Too Much Urban Development in Watershed Already

RECEIVED Tue., Jan. 10, 2006

Dear Editor,
    Douglas Watkins writes [“Postmarks,” Jan. 6] about the extensive development in the Barton Springs Watershed of the Edwards Aquifer, where rainfall runs off land or pavement, enters the aquifer, flows underground, and emerges at Barton Springs.
    There has been an awful lot of urban development over the Barton Springs Watershed. Watkins is wrong to conclude that Advanced Micro Devices should spur further urbanization by building a major campus in our most fragile watershed and setting off a growth boom Southwest.
    More urban development in the Barton Springs Watershed means more pollution of Barton Springs, drinking-water wells, water supply to the city of Austin, plus more flooding downstream.
    Mr. Watkins points out that Motorola (now Freescale) has an enormous operation in the watershed. The residential developments Watkins points out in the watershed were spurred in large part by Motorola's creation of a major employment center in Southwest Austin and the accompanying infrastructure. The result of that urban development is dirtier water in Barton Springs.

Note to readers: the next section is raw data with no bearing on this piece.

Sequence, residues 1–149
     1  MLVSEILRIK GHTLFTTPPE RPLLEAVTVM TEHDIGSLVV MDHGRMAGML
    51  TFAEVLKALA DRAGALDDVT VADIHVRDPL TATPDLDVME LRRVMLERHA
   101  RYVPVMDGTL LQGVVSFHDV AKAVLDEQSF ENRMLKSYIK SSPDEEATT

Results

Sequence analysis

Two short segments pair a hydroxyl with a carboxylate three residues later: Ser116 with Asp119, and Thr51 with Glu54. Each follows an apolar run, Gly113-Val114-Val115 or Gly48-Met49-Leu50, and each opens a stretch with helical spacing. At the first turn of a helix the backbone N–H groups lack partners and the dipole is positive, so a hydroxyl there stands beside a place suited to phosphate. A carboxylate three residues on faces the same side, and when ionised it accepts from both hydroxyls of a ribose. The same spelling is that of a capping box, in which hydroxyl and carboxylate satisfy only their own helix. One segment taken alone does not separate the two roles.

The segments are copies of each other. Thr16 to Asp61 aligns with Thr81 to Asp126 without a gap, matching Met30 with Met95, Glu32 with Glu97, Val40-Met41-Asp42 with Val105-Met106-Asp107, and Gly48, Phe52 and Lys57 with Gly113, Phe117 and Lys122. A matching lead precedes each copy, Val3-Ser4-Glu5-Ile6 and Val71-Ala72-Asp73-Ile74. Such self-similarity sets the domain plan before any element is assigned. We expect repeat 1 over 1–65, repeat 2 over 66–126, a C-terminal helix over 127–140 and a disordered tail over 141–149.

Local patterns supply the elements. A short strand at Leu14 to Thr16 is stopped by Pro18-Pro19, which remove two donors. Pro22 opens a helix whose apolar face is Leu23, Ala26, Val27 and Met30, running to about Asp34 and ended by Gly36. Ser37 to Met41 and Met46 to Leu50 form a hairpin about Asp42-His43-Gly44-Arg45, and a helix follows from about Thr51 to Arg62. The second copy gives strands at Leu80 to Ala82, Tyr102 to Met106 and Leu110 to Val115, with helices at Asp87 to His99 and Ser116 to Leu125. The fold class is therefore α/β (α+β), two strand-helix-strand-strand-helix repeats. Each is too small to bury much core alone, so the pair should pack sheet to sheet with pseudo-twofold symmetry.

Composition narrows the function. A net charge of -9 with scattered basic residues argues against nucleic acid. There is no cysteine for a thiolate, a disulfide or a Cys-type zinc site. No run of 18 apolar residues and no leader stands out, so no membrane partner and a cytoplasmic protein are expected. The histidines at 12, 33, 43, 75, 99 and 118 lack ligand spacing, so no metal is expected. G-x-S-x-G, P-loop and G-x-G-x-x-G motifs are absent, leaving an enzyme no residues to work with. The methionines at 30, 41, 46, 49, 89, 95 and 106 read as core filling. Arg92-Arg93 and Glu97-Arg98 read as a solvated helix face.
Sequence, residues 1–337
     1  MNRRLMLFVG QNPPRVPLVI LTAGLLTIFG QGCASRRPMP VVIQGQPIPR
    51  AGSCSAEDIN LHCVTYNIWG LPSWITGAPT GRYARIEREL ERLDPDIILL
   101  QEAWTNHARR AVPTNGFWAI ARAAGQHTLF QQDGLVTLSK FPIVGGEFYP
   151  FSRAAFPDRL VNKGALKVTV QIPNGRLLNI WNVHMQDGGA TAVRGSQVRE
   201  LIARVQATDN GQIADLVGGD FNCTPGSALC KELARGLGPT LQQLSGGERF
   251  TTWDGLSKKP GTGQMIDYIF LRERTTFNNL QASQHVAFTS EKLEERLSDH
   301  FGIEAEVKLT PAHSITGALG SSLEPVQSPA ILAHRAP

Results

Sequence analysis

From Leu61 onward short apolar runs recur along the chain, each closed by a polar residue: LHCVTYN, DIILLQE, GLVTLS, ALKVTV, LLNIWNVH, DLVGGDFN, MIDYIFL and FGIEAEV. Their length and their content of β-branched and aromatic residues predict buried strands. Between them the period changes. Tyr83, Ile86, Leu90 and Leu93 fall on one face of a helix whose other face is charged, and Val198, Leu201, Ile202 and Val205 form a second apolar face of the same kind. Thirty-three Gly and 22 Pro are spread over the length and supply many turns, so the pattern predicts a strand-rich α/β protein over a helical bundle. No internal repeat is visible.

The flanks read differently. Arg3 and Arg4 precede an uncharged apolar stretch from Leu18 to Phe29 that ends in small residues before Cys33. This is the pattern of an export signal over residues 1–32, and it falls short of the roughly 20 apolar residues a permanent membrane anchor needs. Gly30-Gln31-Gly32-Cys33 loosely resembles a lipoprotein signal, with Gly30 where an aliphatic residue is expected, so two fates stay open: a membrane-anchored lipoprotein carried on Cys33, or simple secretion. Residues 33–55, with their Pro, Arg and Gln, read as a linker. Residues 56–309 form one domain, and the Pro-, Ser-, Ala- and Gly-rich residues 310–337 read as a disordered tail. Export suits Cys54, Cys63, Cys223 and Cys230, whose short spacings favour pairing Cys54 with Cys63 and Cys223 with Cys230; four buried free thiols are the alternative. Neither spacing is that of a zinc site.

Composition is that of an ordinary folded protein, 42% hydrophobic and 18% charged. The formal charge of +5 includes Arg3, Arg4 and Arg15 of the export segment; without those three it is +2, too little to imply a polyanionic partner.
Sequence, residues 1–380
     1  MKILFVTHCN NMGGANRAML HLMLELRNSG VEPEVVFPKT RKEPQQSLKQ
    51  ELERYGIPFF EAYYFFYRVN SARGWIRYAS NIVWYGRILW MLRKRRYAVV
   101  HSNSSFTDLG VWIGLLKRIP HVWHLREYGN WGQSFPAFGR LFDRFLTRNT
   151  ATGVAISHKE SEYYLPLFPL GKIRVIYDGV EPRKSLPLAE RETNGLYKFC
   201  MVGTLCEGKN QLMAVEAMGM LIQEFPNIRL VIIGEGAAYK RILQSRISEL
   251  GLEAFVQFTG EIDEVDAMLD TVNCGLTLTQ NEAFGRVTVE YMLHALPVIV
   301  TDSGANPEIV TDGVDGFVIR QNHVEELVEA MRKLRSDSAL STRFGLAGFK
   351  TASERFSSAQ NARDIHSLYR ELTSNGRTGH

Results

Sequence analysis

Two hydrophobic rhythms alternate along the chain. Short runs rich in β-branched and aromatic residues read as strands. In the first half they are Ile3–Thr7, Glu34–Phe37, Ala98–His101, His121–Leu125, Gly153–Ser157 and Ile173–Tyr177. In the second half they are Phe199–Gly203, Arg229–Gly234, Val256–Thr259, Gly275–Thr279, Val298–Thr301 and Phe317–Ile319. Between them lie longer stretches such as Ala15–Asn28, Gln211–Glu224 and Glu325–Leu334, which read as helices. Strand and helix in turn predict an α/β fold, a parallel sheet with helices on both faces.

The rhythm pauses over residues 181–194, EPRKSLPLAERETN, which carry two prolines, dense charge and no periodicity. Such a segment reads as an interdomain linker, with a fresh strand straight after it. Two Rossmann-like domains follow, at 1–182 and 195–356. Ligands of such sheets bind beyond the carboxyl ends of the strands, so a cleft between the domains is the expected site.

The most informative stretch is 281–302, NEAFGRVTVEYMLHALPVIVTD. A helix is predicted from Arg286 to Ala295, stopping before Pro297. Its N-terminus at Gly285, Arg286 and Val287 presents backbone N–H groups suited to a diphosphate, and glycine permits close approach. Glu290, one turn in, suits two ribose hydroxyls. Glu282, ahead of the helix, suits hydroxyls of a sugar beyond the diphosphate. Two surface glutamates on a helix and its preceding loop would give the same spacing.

Where rocks once glistened under clear water, they are now covered in sediment and algae. After heavy rains the water turns murky, pumping out pollutants washed into the aquifer.
    In dry weather, the water clears. Barton Springs is still a marvel of nature but one that's been damaged by man, by our urbanization over a karst limestone aquifer.
    If AMD moves to Stratus/Freeport's Southwest Parkway land, there will be more urbanization of thousands of acres, and more pollution of Barton Springs.
    If AMD backs off, we can protect forever thousands of acres of undeveloped land in the Barton Springs Watershed.
    AMD can choose another site. The aquifer and watershed cannot relocate.
    The horse of urbanization is halfway out of the barn. Will we let it run wild?
Colin Clark
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